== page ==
• E. 

      A blogger who earns pay and gifts for endorsing a product


  • 22. 
    A company that tries to get consumers to buy a more expensive version of an item, such as a fancy bottled water, might try which form of persuasive approach?
    • A. 

      Famous person testimonial

    • B. 

      Plain folks pitch

    • C. 

      Snob- appeal approach

    • D. 

      Bandwagon affect

    • E. 

      Irritation advertising


  • 23. 
    Which persuasive technique in advertising involves exploiting a consumers sense of insecurity?
    • A. 

      Bandwagon effect

    • B. 

      Snob-appeal approach

    • C. 

      Plain- folks pitch

    • D. 

      Hidden- fear appeal

    • E. 

      Irritation advertising


  • 24. 
    In advertising, association is....
    • A. 

      A method of persuasion that links the product with a setting , a person, a cultural concept, or a positive feeling

    • B. 

      A theory tht argues that people associate a product with the feeling they had the first time they used it

    • C. 

      The principle that higher up associates in the advertising agency make fewer daily decisions

    • D. 

      The anti persuasion model of linear casuality

    • E. 

      The idea that advertisers need to downplay or hide their corporate identity behind a product


  • 25. 
    The form of advertising in which sponsors payto have their products seen in tv programs and movies is called...
    • A. 

      Billboarding

    • B. 

      Integrated advertising

    • C. 

      Product placement

    • D. 

      Program exposure

    • E. 

      Pseudo- consumerism


  • 26. 
    Publicity is information a person, company, or institution pays to have published or broadcast in the news media
    • A. 

      True

    • B. 

      False


  • 27. 
    The first public relations practitioners were primarily theatrical press agents who staged stunts tp get newpaper coverage for their clients
    • A. 

      True

    • B. 

      False


  • 28. 
    Ivy Ledbetter lee , one of the founders of public relations and often dubbed "posion ivy" actually believed that honesty and directness were better than deception in public relations.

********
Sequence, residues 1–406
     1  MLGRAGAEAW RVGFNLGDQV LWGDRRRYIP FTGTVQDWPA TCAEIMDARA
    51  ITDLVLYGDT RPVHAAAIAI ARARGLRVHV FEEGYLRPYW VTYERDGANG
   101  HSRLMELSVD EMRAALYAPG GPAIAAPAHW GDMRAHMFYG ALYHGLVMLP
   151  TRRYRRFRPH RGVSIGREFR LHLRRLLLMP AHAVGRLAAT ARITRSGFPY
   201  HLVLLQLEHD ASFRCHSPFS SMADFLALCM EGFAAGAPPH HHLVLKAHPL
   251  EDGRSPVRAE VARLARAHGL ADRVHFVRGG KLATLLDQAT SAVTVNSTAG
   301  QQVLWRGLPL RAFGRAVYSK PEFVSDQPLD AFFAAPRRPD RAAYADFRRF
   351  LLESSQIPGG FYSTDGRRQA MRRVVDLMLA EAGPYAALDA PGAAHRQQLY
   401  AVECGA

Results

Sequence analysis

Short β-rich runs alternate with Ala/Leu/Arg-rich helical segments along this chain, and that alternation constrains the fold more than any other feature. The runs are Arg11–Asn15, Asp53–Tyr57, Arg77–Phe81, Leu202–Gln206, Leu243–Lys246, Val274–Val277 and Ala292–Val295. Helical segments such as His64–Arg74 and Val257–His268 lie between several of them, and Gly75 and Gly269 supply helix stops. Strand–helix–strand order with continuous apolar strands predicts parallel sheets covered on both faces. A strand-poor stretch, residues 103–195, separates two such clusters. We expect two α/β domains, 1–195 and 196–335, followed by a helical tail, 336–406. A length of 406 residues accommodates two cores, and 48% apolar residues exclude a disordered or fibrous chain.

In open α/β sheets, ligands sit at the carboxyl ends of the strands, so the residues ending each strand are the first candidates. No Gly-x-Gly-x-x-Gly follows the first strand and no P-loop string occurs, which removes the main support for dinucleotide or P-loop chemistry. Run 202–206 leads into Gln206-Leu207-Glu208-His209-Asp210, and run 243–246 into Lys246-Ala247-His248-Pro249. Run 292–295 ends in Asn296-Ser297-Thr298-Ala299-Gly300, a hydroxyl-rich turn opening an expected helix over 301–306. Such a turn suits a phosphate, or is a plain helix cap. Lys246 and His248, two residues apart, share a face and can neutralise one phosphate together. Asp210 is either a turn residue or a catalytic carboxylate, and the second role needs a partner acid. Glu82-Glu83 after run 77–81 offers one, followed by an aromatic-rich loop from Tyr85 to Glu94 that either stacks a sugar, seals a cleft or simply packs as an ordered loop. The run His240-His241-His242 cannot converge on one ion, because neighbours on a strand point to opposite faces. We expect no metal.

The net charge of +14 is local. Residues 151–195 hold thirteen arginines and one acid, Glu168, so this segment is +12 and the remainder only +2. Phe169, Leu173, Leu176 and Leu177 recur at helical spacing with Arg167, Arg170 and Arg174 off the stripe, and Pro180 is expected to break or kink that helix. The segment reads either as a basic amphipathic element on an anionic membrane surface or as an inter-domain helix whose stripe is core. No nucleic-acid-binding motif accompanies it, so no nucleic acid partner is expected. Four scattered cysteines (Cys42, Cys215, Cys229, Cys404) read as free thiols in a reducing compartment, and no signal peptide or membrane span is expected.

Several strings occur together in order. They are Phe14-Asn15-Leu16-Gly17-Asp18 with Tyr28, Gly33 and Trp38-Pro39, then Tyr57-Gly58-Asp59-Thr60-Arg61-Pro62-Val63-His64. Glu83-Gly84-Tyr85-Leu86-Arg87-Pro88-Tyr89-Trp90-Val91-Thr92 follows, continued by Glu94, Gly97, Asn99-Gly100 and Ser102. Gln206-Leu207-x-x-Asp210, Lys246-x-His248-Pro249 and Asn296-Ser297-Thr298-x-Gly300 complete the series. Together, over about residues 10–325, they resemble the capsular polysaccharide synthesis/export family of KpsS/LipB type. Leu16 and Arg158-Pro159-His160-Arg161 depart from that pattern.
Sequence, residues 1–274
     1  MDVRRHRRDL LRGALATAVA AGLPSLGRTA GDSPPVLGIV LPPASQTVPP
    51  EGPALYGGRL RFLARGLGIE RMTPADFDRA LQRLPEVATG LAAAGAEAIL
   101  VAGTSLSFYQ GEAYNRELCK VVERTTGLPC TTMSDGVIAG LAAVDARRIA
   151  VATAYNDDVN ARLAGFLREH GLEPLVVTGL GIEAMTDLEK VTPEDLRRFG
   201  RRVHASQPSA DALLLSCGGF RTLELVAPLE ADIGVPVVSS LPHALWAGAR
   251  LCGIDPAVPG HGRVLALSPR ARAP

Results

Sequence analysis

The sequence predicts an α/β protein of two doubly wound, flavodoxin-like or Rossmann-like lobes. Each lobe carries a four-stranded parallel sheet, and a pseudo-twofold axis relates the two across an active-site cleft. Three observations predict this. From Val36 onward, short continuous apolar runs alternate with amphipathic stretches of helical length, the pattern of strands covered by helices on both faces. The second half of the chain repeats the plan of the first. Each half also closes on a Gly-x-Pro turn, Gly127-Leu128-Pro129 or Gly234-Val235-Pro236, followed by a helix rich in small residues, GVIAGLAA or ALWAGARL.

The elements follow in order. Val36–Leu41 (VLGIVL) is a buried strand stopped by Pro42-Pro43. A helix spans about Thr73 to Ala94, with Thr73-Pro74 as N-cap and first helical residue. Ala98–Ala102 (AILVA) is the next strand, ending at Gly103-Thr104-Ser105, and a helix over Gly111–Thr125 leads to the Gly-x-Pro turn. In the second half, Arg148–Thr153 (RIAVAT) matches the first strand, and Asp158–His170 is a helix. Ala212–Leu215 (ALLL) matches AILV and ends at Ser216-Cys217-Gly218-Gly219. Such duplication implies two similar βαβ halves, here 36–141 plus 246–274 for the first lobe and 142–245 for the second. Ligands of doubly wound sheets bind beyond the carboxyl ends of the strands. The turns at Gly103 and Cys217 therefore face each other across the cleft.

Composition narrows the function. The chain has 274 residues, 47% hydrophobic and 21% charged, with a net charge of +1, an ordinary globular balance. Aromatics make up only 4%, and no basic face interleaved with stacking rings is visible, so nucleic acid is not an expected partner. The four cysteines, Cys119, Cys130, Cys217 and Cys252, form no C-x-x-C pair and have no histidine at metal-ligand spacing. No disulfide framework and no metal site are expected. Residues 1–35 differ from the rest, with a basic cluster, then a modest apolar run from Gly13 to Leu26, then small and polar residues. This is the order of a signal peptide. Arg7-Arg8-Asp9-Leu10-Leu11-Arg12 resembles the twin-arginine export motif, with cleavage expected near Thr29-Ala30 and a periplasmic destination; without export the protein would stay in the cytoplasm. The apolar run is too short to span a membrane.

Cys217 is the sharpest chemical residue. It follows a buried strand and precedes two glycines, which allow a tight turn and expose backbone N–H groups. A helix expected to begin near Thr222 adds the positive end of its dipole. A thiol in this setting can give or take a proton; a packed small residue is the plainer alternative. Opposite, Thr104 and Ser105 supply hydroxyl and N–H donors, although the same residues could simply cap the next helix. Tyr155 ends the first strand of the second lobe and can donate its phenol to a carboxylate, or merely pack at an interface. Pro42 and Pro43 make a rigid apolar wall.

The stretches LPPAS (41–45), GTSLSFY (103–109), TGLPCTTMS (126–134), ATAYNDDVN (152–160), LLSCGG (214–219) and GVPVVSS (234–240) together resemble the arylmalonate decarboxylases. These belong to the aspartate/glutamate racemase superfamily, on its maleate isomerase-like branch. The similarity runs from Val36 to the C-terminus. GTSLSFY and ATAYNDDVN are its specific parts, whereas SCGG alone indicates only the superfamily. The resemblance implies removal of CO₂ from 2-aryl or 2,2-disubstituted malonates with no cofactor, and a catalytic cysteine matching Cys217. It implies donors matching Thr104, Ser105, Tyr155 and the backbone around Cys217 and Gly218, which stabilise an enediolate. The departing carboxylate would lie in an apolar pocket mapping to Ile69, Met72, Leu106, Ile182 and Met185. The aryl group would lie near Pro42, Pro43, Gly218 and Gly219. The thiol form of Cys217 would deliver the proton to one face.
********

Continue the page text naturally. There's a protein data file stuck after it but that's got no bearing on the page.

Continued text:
• A. 

      True

    • B. 

      False


  • 29. 
    Deaddeading was the practice of giving reporters free rail passes with the tacit understanding that they would write glowing reports about rail travel
    • A. 

      True

    • B. 

      False


  • 30. 
    Women currently outnumber men by morethan three to one in the public relations profession
    • A. 

      True

    • B. 

      False


  • 31. 
    The most common type of public relations is done in-house by individual companies and organizations
    • A. 

      True

    • B. 

      False


  • 32. 
    Researchers rely heavilyon focus groups tp assess the effectiveness of a PR campaign
    • A. 

      True

    • B. 

      False


  • 33. 
    Unlike print journalist, who use press releases extensively, television journalists rarely use VnRs (video news releases)
    • A. 

      True

    • B. 

      False


  • 34. 
    Radio and television stations have been less willing to air public service announcements since the deregulation of broadcasting in the 1980's
    • A. 

      True

    • B. 

      False


  • 35. 
    Ralph Nader's book unsafe at any speed, is credited with launching the consumer reform movement in america
    • A. 

      True

    • B. 

      False


  • 36. 
    It is illegal for most companies and organizations to engage in lobbying
    • A. 

      True

    • B. 

      False


  • 37. 
    A stroturf lobbying refers to phony grassroots campaigns engineered by PR firms
    • A. 

      True

    • B. 

      False


  • 38. 
    Exxons response to the 1989 Valdez tanker oil spill in Alaska isan excellent example of a companys use if thoughtful crisis managment to help its public relations
    • A. 

      True

    • B. 

      False


  • 39. 
    The Bp oil rig explosion and subsequent oil leak may replace the Exxon Valdez oil spill as a prominent example of how not to manage public relations in a crisis.
    • A. 

      True

    • B. 

      False


  • 40. 
    Journalist have traditionally  held public relations practioners in low esteem
    • A. 

      True

    • B. 

      False


  • 41. 
    Reporters object to PR flacks who make it difficult for them to get access  to people they want to interview
    • A. 

      True

    • B. 

      False


  • 42.